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Theileria annulata and T. parva are closely related protozoan parasites that cause lymphoproliferative diseases of cattle. We sequenced the genome of T. annulata and compared it with that of T. parva to understand the mechanisms underlying transformation and tropism. Despite high conservation of gene sequences and synteny, the analysis reveals unequally(More)
The tick-borne apicomplexan parasite Theileria annulata is endemic in many sub-tropical countries and causes the bovine disease tropical theileriosis. Although the parasite is known to be highly diverse, detailed information is lacking on the genetic structure of natural populations and levels of multiplicity of infection in the cattle host. With the(More)
We sequenced the genome of Theileria orientalis, a tick-borne apicomplexan protozoan parasite of cattle. The focus of this study was a comparative genome analysis of T. orientalis relative to other highly pathogenic Theileria species, T. parva and T. annulata. T. parva and T. annulata induce transformation of infected cells of lymphocyte or(More)
Parasites have evolved a plethora of mechanisms to ensure their propagation and evade antagonistic host responses. The intracellular protozoan parasite Theileria is the only eukaryote known to induce uncontrolled host cell proliferation. Survival of Theileria-transformed leukocytes depends strictly on constitutive nuclear factor kappa B (NF-kappaB)(More)
BACKGROUND Little is known about how apicomplexan parasites have evolved to infect different host species and cell types. Theileria annulata and Theileria parva invade and transform bovine leukocytes but each species favours a different host cell lineage. Parasite-encoded proteins secreted from the intracellular macroschizont stage within the leukocyte(More)
Babesia spp. are tick-borne, intraerythrocytic hemoparasites that use antigenic variation to resist host immunity, through sequential modification of the parasite-derived variant erythrocyte surface antigen (VESA) expressed on the infected red blood cell surface. We identified the genomic processes driving antigenic diversity in genes encoding VESA (ves1)(More)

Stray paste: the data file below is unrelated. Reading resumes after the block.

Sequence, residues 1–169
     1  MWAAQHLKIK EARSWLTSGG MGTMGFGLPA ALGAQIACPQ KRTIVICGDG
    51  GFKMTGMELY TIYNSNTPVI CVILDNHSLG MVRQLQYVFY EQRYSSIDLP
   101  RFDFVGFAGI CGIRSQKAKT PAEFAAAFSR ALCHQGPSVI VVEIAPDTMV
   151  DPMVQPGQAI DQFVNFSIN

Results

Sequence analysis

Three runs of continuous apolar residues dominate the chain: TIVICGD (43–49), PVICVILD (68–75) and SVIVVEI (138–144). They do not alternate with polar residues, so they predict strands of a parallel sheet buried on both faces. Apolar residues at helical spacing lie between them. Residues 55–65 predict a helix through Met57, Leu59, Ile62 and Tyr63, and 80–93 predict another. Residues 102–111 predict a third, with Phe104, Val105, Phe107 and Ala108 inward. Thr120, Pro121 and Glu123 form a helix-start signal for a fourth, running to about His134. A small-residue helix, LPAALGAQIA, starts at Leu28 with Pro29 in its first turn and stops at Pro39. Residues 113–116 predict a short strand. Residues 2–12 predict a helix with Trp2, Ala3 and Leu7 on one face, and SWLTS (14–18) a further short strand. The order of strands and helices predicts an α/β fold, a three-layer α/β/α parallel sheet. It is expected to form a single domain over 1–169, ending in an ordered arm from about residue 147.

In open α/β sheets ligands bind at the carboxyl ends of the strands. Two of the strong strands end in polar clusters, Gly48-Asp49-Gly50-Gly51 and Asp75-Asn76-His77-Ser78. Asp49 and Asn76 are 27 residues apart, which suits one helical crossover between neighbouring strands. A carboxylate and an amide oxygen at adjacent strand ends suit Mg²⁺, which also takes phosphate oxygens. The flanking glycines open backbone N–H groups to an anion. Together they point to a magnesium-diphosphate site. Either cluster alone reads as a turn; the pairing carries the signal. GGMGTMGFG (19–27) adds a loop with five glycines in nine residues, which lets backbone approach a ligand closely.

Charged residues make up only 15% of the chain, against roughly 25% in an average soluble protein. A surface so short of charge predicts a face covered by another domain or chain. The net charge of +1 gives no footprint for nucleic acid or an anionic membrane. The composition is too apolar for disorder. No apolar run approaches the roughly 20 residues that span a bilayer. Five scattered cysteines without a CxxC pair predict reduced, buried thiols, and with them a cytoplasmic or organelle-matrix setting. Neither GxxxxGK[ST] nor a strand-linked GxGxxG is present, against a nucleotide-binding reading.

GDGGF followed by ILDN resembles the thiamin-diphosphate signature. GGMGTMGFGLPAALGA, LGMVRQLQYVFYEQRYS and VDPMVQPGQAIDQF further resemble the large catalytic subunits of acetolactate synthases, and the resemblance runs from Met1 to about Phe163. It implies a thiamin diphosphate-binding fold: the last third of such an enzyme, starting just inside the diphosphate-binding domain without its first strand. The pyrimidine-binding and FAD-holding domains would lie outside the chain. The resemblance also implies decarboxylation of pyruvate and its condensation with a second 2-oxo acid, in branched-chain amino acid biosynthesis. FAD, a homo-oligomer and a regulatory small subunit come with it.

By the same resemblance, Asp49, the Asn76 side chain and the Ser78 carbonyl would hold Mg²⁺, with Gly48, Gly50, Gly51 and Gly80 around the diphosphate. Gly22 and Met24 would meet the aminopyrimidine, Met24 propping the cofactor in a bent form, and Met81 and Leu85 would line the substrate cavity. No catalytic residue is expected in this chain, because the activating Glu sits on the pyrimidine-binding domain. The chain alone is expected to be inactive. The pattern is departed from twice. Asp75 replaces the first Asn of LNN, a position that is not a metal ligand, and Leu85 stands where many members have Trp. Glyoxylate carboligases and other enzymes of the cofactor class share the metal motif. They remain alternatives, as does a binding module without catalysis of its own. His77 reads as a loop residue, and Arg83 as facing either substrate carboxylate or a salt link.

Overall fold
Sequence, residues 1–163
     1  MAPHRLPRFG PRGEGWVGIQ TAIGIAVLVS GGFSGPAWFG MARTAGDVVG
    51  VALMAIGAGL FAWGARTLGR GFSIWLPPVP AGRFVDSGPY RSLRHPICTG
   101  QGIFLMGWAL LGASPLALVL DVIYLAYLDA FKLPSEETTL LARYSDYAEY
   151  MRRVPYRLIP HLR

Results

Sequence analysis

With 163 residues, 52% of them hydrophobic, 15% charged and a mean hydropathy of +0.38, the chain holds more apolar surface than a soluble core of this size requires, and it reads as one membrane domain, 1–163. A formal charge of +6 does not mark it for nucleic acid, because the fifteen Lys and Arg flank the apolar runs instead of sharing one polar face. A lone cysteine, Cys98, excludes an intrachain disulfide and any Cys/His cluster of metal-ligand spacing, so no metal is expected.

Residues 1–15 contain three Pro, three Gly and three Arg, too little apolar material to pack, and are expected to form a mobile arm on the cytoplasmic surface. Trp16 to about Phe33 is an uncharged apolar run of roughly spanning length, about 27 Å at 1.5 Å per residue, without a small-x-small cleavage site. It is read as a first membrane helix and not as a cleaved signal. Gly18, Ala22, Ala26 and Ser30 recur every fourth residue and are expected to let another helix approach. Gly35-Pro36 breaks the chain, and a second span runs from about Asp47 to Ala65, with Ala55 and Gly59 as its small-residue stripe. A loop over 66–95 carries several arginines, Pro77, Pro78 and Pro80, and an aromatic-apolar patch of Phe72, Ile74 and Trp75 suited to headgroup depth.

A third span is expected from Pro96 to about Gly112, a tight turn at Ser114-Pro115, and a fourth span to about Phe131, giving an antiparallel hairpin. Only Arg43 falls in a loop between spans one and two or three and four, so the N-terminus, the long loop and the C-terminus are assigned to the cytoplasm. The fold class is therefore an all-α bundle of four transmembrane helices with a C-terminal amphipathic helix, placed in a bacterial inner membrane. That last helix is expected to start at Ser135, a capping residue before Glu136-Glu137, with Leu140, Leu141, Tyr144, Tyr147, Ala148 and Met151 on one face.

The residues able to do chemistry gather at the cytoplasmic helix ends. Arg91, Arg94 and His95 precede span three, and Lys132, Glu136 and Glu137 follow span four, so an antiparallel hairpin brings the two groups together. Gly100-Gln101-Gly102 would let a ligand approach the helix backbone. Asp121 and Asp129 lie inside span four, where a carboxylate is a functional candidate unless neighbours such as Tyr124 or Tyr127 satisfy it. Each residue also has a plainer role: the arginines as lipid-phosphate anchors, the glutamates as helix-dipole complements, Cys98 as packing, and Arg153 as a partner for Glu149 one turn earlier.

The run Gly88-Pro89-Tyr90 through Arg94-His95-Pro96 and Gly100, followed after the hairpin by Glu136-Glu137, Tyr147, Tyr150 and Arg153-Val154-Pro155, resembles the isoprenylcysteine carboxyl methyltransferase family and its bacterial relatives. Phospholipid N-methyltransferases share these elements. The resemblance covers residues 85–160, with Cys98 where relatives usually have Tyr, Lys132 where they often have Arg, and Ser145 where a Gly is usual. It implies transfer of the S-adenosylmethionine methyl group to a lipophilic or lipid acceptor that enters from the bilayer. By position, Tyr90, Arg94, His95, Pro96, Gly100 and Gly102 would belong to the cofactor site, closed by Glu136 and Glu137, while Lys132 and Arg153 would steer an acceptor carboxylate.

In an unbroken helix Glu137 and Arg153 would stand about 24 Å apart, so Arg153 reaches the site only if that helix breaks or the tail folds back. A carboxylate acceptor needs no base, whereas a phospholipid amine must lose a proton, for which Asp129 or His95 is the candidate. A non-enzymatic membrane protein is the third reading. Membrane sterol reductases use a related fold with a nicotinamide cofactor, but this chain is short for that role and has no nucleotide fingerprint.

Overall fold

Theileria parasites invade and transform bovine leukocytes causing either East Coast fever (T. parva), or tropical theileriosis (T. annulata). Susceptible animals usually die within weeks of infection, but indigenous infected cattle show markedly reduced pathology, suggesting that host genetic factors may cause disease susceptibility. Attenuated live(More)
Tropical theileriosis, bovine babesiosis and anaplasmosis are tick-borne protozoan diseases that impose serious constraints on the health and productivity of domestic cattle in tropical and sub-tropical regions of the world. A common feature of these diseases is that, following recovery from primary infection, animals become persistent carriers of the(More)
Infection of bovine leucocytes by Theileria annulata results in establishment of transformed, infected cells. Infection of the host cell is known to promote constitutive activation of pro-inflammatory transcription factors that have the potential to be beneficial or detrimental. In this study we have compared the effect of LPS activation on uninfected(More)
Theileria annulata, an intracellular parasite of bovine lymphoid cells, induces substantial phenotypic alterations to its host cell including continuous proliferation, cytoskeletal changes and resistance to apoptosis. While parasite induced modulation of host cell signal transduction pathways and NFκB activation are established, there remains considerable(More)